In a sheer stroke of luck, we ordered two knockout dishes – Minestra di Farro Lucchese and Rigatoni something-or-other with eggplant.  I don’t even like eggplant, and Doc Sci and I had a thumb war over the last noodle.  I’m still hunting for a recipe to replicate the harmonious flavor of that soup!  Even picky Big Foot scarfed down everything we put in front of him.  After mopping up every last dribble of sauce, we were out the door for less than 30 euros.  Yes!

Trattoria da Leo

Trattoria da Leo

To crown our culinary experience, we sought out some gelato.  The organic flavors at De’ Coltelli hit the spot.  A few euros later, we savored intense blueberry and lightly sweetened yogurt.  Should you be the adventurous type, De’ Coltelli also whips up fish gelato.  Say, what?!

Delicious organic gelato.

Delicious organic gelato.

We passed a boutique called Isola on the way back to the car.  I popped in and found myself unable leave without a darling necklace.  Whenever I wear it, I’ll think of the soup, the scenery, and the sigh of relief I felt in lovely Lucca.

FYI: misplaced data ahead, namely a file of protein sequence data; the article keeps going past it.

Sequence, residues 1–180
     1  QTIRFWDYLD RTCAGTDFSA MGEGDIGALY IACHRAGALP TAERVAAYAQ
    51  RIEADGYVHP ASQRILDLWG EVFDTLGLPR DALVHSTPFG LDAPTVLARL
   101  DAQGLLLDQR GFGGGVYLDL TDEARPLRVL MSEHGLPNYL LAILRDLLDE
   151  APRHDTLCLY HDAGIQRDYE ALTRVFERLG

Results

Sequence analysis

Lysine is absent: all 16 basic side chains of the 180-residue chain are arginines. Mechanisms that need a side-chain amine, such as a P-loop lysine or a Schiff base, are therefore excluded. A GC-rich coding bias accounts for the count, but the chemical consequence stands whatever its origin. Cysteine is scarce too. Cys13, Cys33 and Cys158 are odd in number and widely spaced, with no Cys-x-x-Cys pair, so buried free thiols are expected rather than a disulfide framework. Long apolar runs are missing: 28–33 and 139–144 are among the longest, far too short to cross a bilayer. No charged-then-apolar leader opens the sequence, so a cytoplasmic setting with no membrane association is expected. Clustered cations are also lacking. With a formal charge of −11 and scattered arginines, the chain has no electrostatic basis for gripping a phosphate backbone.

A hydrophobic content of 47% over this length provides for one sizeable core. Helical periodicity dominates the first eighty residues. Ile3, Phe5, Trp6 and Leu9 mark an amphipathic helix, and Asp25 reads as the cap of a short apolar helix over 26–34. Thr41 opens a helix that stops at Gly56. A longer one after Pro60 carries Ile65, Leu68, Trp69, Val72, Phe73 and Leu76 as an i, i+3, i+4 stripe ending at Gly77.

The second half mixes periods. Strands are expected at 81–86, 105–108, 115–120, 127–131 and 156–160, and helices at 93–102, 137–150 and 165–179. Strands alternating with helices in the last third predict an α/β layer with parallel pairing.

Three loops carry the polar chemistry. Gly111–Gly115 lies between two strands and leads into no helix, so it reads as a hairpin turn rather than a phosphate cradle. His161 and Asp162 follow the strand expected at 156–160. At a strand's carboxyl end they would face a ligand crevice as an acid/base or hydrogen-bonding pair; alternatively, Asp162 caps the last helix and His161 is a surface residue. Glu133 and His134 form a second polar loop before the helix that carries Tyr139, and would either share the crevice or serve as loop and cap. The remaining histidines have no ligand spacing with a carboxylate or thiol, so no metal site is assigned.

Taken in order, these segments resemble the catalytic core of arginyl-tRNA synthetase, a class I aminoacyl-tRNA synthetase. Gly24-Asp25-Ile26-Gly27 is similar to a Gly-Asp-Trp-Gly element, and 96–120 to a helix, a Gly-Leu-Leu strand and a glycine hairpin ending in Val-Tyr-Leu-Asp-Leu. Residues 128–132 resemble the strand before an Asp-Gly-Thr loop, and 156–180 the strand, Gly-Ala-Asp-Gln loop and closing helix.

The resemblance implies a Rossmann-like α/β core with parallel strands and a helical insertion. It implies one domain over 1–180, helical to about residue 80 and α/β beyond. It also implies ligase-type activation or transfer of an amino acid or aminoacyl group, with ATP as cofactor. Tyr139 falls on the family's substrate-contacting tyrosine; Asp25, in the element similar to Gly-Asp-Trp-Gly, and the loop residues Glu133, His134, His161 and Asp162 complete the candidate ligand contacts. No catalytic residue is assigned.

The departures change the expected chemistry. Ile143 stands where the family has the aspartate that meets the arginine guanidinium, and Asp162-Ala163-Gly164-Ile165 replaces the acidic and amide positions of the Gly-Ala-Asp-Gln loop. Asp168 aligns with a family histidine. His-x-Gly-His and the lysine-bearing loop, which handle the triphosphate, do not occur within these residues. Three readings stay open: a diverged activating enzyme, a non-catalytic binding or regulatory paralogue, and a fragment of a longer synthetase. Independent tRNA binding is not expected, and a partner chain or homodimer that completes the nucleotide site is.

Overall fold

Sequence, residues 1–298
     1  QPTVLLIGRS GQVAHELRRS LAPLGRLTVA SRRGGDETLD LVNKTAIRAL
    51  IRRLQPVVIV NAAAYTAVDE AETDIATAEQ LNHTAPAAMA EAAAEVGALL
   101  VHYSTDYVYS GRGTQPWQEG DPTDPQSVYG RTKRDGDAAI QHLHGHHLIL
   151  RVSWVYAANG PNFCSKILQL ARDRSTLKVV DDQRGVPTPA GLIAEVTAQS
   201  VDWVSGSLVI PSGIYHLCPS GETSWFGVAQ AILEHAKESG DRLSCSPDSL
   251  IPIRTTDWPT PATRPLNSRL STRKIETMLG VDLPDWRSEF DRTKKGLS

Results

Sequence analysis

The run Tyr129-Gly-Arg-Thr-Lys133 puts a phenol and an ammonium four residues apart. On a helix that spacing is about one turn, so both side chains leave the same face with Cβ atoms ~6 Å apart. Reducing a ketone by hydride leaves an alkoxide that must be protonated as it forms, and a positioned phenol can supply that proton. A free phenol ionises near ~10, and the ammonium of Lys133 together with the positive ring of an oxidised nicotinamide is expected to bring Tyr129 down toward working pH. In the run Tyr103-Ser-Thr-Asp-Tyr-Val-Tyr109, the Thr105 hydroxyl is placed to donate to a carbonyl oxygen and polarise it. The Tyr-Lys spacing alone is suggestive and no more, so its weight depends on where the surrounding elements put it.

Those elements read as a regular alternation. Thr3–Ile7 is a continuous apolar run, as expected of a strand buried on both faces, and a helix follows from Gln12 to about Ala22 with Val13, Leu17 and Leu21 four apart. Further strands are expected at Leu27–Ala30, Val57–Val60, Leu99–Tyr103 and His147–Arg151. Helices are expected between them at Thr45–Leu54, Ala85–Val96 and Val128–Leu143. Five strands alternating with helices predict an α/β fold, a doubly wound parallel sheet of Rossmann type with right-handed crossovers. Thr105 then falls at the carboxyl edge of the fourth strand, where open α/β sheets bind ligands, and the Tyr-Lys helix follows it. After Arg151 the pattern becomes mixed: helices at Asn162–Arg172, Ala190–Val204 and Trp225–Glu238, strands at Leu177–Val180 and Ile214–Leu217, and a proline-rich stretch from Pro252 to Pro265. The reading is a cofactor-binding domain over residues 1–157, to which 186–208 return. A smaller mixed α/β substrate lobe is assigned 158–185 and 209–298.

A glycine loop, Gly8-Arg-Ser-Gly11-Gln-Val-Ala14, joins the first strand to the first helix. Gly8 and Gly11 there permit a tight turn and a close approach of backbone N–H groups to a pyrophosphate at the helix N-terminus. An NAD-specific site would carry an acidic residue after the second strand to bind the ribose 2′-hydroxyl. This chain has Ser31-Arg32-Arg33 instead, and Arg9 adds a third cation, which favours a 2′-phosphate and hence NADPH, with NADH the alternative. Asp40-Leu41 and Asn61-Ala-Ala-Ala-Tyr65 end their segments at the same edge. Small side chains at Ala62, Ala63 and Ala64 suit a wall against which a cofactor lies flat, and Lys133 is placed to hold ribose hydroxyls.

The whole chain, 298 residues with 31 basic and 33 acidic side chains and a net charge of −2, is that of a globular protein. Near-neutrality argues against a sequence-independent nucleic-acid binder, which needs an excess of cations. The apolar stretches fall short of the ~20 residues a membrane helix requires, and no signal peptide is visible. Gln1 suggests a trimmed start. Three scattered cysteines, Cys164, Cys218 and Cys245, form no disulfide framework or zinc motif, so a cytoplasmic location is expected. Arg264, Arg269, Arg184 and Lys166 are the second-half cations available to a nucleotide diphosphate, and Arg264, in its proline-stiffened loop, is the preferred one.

One more darling church with a handful (instead of hundreds) of people.

I couldn’t resist – here’s one more simply elegant church with a handful (instead of hundreds) of people.

Practical tips for Lucca:
  • For free parking, navigate to the Piazzale Don Franco Baroni near Via delle Tagliate.  It’s about a five minute walk to the walls (and Cicli Bizzarri) from there.
  • The city is mostly flat and many ramps lead up to the walls so this is one of the few good places in Tuscany to bring a pram.
  • Free bathrooms can be found at the Tourist Information office sandwiched in between Cicli Bizzarri and another bicycle shop.

This post is part of Our Tuscan Family Adventure: Two Weeks of History, Culture, Food, and Fun in Italy series.  Click on the link to view our bucket list and recaps of each excursion!